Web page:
Having established that respondents could be partitioned by their provider’s (perceived) health IT capabilities, it made sense then to see if/how health IT capability impacted the respondent’s satisfaction with their provider. Using a five-point scale (1 = “Not at all satisfied”; 5 = “Extremely satisfied”), respondents were asked to indicate their level of satisfaction with their current provider on a list of 17 healthcare related services. My analysis uncovered a few valuable insights.
Satisfaction intensity: Consumer satisfaction with providers increase as the provider’s (perceived) health IT capabilities expand. Respondents in the most advanced health IT provider environments were the most satisfied of all the respondents. These respondents were more satisfied with each of the 17 services listed than respondents claiming their provider operates a basic technological environment. In a likewise manner, respondents in basic technological provider environments were more satisfied with their provider than those claiming their provider uses no supportive health IT.
Satisfaction ranking: The technological environment does not appear to impact service satisfaction rankings. Services that scored high for those in more advanced health IT environments, also scored high for those in basic health IT environments as well as for those in no health IT environments, etc.
Pulling these findings together offers at least two instructive insights that should challenge providers.
First, older consumers have a limited understanding of their provider’s actual health IT capabilities. With the widespread use of EHRs and patient portals, the high percentage of respondents claiming their provider does not at least use these basic health IT capabilities is too fantastic to accept. While it is possible that some providers do not use health IT at all, something else is most likely at play here. For example, older consumers may not associate the use of computers by their provider with an “electronic record.” It’s also very possible that some providers don’t explain how health IT is being used in the patient’s care. Left uninformed, patients have an incomplete view of the provider’s capabilities and more likely to make uninformed decisions regarding their health options.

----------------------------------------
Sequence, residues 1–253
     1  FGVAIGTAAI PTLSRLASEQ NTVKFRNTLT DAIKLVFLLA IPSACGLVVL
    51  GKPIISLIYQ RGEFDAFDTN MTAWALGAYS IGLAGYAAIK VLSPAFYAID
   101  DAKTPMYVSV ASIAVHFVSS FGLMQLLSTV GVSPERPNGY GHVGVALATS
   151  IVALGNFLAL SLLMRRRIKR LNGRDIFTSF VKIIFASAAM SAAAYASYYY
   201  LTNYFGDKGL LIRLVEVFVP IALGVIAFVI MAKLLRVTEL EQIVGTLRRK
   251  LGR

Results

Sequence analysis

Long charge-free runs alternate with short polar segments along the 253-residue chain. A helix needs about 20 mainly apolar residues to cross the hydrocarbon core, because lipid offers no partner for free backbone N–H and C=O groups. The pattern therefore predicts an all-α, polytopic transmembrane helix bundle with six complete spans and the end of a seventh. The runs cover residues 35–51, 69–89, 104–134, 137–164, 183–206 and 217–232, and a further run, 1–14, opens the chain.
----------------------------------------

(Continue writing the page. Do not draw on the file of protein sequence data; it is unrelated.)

Recommendation: “Invite” patient care technology into the patient/provider encounter. While health IT operations should be invisible to consumers, the technologically enabled solutions offered by providers need not be. Instead of glossing over its role, provider’s should explain how they are leveraging patient care technology in support of their overall care. This opens the door to discussions as to how patients could use patient care technology to their advantage.
Second, health IT offers providers a competitive advantage in the consumer marketplace. As consumers tend to respond positively to the (perceived) technological capabilities of their provider, providers can use this to their advantaged to increase their patient satisfaction scores and consumer preference efforts.
Recommendation: Promote the organization’s technological enabled health services to older consumers. Seniors believe technology will transform healthcare and are receptive to tech-enabled services to better manage their own health. Providers should therefore not shy away from incorporating patient care technology into their marketing campaigns.
But before doing so, I would remind readers of the admonition by Kao that technology applications be consumer-centric. This of course carries over to the way in which we market health IT to consumers. Promotional campaigns need to focus on the benefits to consumers these technologies offer, not the bells and whistles of the technologies themselves.